Did a Burrito Cost an American Runner Her Olympic Dream?


Brett Clothier, head of the Athletics Integrity Unit, said Houlihan’s case was handled properly according to guidance from the World Anti-Doping Agency.

“After being charged by the AIU, Ms. Houlihan’s case was heard by a three-member panel at the Court of Arbitration for Sport (CAS), which made its decision after hearing evidence and arguments from the athlete’s lawyers and the AIU,” Clothier said in an email. The Court of Arbitration for Sport, he added, informed his agency that it planned to share its grounds for upholding the suspension soon.

Houlihan made her first Olympic team in 2016, when she placed 11th in the women’s 5,000-meter final. In July 2020, during an intrasquad club meet, she improved her American record with a time of 14 minutes 23.92 seconds in the 5,000 meters. At the 2019 world championships, she ran the 1,500 meters in 3:54.99, for fourth place and an American record.

Houlihan is not the first athlete to blame positive tests on things that are clearly not performance-enhancing drugs. Some athletes have tested positive for traces of banned substances in antidepressants, different types of meat and even from substances transmitted through sex.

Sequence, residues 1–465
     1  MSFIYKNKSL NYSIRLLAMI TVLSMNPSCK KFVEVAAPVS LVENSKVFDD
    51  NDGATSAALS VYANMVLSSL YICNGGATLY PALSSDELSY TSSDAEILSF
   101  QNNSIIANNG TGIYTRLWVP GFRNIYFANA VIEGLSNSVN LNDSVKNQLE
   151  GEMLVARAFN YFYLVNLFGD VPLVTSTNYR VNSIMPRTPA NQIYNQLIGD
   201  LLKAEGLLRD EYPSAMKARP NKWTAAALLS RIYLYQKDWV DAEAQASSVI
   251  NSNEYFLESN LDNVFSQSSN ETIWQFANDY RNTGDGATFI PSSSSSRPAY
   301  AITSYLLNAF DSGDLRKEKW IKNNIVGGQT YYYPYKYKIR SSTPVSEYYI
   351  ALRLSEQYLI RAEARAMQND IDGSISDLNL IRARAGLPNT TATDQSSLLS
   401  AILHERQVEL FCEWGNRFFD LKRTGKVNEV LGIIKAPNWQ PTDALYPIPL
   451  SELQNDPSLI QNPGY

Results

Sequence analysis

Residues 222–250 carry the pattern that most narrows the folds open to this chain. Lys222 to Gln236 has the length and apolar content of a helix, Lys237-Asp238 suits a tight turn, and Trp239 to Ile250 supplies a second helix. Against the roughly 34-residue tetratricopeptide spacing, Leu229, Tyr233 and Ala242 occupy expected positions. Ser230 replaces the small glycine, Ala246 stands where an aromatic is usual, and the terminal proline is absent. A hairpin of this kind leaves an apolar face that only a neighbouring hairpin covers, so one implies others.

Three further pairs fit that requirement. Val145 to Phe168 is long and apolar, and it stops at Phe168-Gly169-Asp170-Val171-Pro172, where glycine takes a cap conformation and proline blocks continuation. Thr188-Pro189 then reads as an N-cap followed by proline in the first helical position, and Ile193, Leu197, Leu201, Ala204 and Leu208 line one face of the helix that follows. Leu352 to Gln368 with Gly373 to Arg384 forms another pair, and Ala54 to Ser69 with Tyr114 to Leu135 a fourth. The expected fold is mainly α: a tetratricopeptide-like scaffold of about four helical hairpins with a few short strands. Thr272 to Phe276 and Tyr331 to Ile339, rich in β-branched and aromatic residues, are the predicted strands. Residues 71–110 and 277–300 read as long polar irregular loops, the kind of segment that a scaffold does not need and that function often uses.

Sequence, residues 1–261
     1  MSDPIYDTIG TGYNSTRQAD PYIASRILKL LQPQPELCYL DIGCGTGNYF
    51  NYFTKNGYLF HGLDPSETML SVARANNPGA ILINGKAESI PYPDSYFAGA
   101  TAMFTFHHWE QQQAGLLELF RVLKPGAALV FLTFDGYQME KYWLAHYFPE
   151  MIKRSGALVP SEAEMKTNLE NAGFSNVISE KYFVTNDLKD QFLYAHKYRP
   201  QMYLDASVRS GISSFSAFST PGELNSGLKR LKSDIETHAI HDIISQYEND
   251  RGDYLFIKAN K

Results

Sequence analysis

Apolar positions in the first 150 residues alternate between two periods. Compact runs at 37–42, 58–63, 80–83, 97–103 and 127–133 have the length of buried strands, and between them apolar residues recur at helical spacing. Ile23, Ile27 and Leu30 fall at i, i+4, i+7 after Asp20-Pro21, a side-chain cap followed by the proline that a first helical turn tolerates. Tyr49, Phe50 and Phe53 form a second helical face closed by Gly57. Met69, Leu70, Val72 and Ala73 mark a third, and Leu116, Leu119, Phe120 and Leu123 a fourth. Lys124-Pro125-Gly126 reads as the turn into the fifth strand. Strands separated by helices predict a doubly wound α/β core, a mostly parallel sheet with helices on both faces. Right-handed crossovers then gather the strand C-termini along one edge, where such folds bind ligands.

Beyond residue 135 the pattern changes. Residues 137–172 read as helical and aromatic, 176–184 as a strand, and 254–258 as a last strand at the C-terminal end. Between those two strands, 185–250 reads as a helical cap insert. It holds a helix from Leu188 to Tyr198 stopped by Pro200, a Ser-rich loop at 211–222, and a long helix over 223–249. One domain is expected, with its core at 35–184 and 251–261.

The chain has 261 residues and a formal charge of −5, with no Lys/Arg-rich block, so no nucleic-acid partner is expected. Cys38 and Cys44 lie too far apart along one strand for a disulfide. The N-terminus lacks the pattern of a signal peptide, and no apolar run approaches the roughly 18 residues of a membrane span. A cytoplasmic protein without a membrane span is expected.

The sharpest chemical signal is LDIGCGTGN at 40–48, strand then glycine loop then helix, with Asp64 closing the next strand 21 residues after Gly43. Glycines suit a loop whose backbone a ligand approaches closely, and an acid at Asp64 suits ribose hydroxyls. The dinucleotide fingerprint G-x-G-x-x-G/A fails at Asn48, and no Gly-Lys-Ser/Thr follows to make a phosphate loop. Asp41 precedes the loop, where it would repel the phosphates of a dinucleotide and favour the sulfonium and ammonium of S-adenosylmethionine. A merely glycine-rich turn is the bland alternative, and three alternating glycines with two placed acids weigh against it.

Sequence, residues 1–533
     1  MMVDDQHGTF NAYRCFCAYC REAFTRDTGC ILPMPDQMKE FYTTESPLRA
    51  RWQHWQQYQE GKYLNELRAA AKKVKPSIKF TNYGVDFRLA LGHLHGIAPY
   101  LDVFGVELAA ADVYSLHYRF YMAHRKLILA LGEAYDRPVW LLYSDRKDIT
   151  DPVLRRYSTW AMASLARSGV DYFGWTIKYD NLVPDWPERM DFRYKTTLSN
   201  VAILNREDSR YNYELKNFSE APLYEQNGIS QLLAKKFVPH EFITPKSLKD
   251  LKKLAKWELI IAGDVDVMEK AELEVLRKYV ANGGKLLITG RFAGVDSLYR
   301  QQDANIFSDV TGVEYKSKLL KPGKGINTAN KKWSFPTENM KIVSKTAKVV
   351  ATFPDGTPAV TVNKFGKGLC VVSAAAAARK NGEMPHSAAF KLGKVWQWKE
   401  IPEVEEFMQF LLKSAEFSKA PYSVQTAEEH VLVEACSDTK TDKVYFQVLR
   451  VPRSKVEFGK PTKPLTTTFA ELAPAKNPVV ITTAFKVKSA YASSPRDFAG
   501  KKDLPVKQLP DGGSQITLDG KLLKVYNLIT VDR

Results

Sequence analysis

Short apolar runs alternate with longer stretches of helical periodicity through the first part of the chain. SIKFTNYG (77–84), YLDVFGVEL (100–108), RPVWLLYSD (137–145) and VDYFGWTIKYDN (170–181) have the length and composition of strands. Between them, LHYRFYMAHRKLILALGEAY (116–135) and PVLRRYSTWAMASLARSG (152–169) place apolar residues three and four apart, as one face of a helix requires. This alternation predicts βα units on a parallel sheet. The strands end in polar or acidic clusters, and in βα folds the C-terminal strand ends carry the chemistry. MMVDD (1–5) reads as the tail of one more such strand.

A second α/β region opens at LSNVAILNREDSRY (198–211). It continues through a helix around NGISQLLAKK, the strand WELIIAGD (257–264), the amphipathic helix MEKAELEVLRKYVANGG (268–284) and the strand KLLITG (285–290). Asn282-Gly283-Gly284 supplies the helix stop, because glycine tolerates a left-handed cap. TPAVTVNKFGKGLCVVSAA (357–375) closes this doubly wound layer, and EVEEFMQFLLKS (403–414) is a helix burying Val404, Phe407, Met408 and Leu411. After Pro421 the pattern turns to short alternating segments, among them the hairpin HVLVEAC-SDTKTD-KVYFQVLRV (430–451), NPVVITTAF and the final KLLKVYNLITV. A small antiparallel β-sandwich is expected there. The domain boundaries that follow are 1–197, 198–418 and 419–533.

In 2018, the boxer Saul Álvarez, nicknamed Canelo, blamed tainted meat for his positive tests for clenbuterol, a drug that can be used to increase muscle mass and reduce body fat. He was suspended for six months, delaying a lucrative rematch with Gennady Golovkin.

For Houlihan, the four-year suspension disqualifies her from the 2022 world championships, which were scheduled near where she lives in Eugene. In her Instagram post, she said she wanted to clearly state that she had “never taken any performance enhancing substances.”

“I believe in the sport and pushing your body to the limit just to see where the limit is,” she added. “I’m not interested in cheating.”



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